If only some of those the smaller bookstores cold have waited, they could also have sold their books online and held on to their business as most of those who made it through “drier” times are now doing, Many have survived by imitating the bigger stores again and offering other wares, like candy, trinkets, hand-made and locally produced items, or those of special interest.
Unfortunately, I have no chain or much of a need-to-compete store near me. Our one bookstore does not sell any magazines at all. The local chain grocery and big discount stores sell pulp books and the magazine racks are large, but the topics are narrow; they carry only celebrity, ‘true’ confession, handicrafts, men’s interests,( racing, hunting, bodies and cigars), a few types of puzzle books, a couple of modern ‘gourmet’, and the old little-housewifey’ type magazines. There is nothing literary and nothing out of the ordinary; in other words, nothing intellectually stimulating.
A few people have tried to run used bookstores here, actually book-exchanges, if you will. You may know the type: folks take pulp paperbacks in and are given credit if the authors’ names are big enough to take out a comparable amount in a comparable genre, usually mystery and romance. They didn’t work; the exchanges were not even and they became libraries. The support just isn’t there.
I admit to buying used books…often. I wish I had the old-dusty bookstores where I could treasure-hunt. I hear that they still exist, but most of my purchasing is done in charity thrift-stores and yes, online. I feel really bad about some of it, especially the online purchases of used books that are still in print and available. Never do used books pay royalties to the authors or to their publishers. I truly want authors to get their just wages and to keep their publishers in business, which is why I am adamantly against piracy. ([I have made enemies of people who want to copy books, music, etc. I was once asked if copying was a ‘sin’. Yes, it’s theft and it denies a worker his just wages. It is a sin that cries out to Heaven. So there!)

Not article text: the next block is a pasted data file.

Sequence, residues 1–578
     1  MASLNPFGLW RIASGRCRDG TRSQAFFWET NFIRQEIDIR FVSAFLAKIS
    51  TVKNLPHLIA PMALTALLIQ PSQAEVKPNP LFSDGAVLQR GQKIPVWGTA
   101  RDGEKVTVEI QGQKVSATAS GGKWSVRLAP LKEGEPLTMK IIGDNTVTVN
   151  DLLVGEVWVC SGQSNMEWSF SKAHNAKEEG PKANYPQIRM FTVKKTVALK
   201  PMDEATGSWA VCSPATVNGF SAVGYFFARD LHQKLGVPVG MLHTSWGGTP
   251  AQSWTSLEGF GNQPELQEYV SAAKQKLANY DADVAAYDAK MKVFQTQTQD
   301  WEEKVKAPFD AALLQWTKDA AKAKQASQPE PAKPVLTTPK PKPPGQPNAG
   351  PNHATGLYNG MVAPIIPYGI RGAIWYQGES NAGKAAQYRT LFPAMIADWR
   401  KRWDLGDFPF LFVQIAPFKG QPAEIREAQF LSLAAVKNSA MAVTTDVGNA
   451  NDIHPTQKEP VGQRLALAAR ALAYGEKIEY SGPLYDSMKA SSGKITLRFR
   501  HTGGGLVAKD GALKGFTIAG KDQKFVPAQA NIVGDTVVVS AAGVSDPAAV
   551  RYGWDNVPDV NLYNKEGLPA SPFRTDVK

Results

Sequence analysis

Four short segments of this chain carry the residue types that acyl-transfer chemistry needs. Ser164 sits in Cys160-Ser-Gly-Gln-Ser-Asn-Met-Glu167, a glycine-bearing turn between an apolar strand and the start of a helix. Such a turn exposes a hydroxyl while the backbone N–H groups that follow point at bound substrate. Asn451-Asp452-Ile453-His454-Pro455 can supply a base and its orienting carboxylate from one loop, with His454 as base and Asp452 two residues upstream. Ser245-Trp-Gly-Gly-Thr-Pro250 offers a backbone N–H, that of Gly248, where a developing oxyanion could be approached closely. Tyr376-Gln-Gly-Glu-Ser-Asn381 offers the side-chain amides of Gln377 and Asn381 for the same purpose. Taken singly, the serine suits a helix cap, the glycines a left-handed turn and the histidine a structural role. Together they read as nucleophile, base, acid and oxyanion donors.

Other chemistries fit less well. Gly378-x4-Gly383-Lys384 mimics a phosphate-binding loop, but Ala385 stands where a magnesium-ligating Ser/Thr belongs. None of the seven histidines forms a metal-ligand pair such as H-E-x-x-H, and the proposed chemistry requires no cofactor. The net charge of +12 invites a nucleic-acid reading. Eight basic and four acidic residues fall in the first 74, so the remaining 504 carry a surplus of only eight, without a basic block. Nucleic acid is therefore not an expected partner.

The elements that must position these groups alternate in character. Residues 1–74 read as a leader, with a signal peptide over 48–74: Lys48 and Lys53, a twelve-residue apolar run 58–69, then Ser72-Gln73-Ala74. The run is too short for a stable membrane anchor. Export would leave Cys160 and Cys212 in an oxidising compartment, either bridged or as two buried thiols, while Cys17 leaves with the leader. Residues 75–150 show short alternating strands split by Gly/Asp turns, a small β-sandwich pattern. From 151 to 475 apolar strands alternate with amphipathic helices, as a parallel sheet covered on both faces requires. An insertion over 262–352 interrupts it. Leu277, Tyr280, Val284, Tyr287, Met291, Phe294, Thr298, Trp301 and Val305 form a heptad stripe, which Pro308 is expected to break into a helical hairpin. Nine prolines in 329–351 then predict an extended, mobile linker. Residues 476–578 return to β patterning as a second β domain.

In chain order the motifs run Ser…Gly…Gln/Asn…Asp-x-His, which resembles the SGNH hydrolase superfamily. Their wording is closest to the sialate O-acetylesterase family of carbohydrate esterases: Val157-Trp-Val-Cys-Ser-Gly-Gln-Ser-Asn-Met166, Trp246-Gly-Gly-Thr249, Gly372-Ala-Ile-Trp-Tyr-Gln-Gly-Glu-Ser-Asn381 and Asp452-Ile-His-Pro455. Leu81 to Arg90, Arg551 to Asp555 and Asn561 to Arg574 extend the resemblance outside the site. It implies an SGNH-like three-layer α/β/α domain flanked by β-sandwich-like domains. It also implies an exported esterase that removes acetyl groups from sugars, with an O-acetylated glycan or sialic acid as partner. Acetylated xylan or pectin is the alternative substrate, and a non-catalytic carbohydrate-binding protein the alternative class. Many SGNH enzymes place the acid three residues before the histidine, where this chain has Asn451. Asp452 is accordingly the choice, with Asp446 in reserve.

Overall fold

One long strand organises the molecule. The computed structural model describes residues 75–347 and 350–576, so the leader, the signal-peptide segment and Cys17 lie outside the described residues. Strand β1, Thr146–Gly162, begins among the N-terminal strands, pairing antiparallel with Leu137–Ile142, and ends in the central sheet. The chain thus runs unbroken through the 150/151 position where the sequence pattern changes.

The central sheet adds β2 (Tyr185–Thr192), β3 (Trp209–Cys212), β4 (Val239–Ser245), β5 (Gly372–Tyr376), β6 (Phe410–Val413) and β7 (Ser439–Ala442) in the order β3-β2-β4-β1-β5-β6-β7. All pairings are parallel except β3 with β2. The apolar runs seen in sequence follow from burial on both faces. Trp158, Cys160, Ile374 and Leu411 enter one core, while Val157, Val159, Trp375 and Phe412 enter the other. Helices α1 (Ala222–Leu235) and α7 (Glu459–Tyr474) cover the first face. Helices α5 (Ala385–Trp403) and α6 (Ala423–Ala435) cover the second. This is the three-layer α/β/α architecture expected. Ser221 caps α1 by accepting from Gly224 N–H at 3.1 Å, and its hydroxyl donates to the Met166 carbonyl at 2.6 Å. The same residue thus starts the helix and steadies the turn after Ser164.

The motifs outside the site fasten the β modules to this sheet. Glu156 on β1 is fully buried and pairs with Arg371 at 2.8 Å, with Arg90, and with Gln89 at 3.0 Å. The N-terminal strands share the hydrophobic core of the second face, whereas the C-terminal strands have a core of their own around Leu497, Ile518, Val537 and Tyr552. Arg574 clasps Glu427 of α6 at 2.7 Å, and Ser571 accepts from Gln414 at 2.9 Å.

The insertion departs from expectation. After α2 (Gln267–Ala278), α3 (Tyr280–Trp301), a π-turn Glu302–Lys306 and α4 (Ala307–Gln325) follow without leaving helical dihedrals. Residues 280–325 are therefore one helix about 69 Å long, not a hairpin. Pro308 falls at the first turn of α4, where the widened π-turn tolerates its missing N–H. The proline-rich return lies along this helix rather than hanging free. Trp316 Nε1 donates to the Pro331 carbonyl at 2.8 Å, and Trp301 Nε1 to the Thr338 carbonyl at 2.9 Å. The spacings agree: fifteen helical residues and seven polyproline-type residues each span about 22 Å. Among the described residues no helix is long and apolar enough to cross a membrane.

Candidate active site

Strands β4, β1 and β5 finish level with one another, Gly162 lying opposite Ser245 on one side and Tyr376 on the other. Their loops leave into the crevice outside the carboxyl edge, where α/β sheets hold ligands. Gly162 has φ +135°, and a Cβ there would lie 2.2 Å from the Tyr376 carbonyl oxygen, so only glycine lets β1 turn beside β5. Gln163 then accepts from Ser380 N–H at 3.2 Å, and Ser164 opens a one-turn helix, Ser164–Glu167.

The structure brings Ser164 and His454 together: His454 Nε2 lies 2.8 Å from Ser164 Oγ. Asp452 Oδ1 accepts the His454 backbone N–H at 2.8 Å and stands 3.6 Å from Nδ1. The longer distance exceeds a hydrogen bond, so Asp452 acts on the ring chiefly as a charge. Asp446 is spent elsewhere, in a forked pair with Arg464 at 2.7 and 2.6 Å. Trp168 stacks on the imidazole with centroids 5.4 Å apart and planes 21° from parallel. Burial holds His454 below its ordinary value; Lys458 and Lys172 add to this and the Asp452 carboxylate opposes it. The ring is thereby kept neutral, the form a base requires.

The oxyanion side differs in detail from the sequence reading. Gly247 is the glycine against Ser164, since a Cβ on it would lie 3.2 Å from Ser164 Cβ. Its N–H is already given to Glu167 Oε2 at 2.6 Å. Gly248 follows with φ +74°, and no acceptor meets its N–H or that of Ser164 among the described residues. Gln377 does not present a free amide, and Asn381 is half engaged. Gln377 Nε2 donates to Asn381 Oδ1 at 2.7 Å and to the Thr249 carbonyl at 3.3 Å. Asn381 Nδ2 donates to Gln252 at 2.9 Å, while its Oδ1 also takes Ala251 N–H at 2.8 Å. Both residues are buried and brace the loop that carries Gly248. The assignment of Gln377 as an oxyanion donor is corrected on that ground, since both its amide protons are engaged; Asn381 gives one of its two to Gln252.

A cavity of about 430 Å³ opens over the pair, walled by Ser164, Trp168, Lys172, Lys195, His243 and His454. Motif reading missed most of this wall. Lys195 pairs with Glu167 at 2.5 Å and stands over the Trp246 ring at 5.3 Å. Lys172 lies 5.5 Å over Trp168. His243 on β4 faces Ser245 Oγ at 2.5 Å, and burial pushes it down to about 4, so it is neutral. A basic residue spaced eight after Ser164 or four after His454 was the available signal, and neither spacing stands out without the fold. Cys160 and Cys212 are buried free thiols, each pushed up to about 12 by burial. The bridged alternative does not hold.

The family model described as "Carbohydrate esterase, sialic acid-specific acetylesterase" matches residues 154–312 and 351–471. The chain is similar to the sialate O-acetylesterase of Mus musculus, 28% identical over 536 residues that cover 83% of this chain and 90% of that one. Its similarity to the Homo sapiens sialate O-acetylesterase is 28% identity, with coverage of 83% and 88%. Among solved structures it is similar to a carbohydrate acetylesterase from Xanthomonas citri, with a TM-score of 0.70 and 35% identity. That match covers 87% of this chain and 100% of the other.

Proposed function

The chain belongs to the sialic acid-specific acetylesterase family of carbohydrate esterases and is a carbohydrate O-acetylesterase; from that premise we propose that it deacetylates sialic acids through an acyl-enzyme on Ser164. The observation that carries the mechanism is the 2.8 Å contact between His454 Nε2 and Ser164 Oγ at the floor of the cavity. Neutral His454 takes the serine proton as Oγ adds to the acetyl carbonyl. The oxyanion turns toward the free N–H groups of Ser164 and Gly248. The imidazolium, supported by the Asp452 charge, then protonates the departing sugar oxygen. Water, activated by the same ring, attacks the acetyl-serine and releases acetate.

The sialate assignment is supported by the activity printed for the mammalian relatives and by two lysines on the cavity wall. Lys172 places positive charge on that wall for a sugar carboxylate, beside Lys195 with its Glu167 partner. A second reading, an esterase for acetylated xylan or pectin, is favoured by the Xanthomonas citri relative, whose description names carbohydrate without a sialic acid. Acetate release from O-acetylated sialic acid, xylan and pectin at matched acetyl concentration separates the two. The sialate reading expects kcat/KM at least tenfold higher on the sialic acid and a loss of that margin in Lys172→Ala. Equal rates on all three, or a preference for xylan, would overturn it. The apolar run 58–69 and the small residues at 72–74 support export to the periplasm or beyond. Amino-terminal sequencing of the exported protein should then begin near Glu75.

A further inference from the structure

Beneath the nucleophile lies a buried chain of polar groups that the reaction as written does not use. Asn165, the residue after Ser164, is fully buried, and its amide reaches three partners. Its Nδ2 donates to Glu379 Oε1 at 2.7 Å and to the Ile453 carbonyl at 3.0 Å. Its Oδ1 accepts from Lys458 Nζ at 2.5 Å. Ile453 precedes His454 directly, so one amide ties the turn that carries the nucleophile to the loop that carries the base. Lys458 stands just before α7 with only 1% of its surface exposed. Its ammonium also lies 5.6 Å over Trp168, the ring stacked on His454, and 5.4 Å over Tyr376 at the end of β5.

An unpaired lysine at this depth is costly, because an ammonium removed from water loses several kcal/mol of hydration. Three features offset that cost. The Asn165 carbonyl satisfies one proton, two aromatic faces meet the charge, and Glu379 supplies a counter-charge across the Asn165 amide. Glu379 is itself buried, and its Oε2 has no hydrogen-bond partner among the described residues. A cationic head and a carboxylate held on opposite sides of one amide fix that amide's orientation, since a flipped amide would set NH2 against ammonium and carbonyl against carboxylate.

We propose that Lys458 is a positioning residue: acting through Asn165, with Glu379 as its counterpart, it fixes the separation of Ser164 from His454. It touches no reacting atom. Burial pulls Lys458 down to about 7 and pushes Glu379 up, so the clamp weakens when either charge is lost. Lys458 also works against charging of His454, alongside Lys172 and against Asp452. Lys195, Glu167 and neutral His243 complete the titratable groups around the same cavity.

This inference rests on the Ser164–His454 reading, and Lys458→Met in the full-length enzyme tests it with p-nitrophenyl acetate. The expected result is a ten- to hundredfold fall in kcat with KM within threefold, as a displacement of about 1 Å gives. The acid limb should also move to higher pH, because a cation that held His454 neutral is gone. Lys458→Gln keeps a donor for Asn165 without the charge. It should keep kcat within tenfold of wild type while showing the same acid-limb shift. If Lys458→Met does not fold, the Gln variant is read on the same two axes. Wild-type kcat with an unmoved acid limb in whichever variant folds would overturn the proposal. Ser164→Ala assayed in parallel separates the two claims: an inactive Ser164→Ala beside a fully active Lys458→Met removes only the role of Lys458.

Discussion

With all that said, a serious thought of mine is to run a bookstore, an independent one, with my former business partner, my niece, who is also and avid reader and sometime writer. We could open a little counter or cafe and do some of the specialty baking and cooking we did when we had out bakery /restaurant, only on a small, please-ourselves-scale.. We could have discussion groups , pull in our favorite authors for book signings and roundtables and…and that would take us being independently wealthy and without any need to be concerned if the business made money or not, because here, I doubt very seriously that it would. But we’ll keep buying our lottery tickets, because if the words and worlds contained in bookstores have taught us anything, it is to dream … and that anything is possible.